- George Carlin
I couldn't agree more.
For as long as I can remember, I've always been a heavy reader. I'd read novels, I'd read magazines, I'd read articles on everything under the sun on the Internet. Why do I do it? Because I enjoy it, but also because I like to learn new things. I am not one of these kind of people who is perfectly content to do the same old stuff every day for the rest of your life. I'm always trying new things. I read about new programming languages. I read about new operating systems. I try new operating systems. (Hell, I tried OS X as an experiment, and now it's the only OS I use at home!). I studied how to play guitar. I'm studying how to play the piano. I'm studying the Spanish language trying to learn to become bilingual. Will I ever be a master guitarist or pianist? Probably not. Will I ever become fluent in Spanish? Maybe. Maybe Not. It's the effort that I enjoy. I love looking at musical notation and understanding what all those little lines, dots and squiggles mean. I love listening to people speaking in Spanish and actually understanding some of what they are saying.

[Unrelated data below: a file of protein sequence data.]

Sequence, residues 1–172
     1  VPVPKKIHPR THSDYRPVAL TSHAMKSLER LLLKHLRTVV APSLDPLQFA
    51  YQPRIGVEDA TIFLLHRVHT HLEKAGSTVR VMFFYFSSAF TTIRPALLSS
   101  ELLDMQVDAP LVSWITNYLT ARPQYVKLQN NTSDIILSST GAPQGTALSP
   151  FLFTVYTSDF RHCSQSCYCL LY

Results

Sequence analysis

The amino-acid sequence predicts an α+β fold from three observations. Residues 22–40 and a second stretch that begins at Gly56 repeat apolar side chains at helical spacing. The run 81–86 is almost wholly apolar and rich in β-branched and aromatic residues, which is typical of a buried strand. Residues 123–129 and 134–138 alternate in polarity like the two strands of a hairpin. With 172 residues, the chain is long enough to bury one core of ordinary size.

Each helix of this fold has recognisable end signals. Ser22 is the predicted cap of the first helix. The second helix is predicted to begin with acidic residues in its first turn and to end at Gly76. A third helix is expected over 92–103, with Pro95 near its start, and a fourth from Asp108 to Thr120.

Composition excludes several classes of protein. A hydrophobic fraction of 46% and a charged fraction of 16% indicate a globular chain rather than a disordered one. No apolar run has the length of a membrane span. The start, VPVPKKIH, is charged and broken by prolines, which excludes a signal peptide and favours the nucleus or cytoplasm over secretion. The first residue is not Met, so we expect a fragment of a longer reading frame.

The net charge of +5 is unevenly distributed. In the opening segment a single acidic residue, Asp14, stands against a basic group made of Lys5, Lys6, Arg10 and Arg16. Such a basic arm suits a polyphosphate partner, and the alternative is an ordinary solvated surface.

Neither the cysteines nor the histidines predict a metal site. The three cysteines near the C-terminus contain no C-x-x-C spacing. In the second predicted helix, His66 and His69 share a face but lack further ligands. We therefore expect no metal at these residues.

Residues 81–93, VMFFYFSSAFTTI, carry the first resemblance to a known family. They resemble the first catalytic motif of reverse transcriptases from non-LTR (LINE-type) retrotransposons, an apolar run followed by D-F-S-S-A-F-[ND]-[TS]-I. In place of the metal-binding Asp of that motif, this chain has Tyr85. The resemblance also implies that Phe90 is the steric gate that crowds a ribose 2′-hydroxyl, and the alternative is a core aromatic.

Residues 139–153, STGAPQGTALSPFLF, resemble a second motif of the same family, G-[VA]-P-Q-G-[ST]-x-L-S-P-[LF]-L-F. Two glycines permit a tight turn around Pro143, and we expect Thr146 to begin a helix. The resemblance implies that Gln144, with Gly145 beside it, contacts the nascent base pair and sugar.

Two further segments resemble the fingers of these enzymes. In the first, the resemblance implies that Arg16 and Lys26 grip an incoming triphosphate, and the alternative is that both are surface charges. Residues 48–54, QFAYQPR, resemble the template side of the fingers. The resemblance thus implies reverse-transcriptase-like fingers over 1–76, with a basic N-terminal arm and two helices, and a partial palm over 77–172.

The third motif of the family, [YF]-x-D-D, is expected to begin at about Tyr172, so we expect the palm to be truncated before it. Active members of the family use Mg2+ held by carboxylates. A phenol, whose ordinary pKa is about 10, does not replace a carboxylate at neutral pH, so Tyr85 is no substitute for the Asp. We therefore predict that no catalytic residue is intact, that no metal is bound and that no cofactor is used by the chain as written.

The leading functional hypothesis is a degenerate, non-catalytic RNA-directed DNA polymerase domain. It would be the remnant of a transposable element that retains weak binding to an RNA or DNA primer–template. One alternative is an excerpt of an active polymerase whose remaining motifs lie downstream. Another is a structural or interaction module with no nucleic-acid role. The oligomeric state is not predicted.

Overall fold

I've long believed that you need to exercise your mind just as much as you need to exercise your muscles. If you don't exercise your muscles, they get weaker until they eventually atrophy and die. The same goes for your mind. If you don't exercise your mind, your mind gets weaker and eventually atrophies (Alzheimer's). This is especially true as you get older. I think this one one reason many old people develop Alzheimer's. They retire, and stop working. This means, they stop using their minds. Their minds atrophy and eventually it reaches the point of no return. I'm sure you've heard the stories of people in their 90s who still work and are still as sharp, mentally as ever. My father is 74, he still works, and he is a very intelligent guy. I intend to be another one of those 'annoying' old people who is still sharp as a tack in his old age. I don't intend to let my brain wither.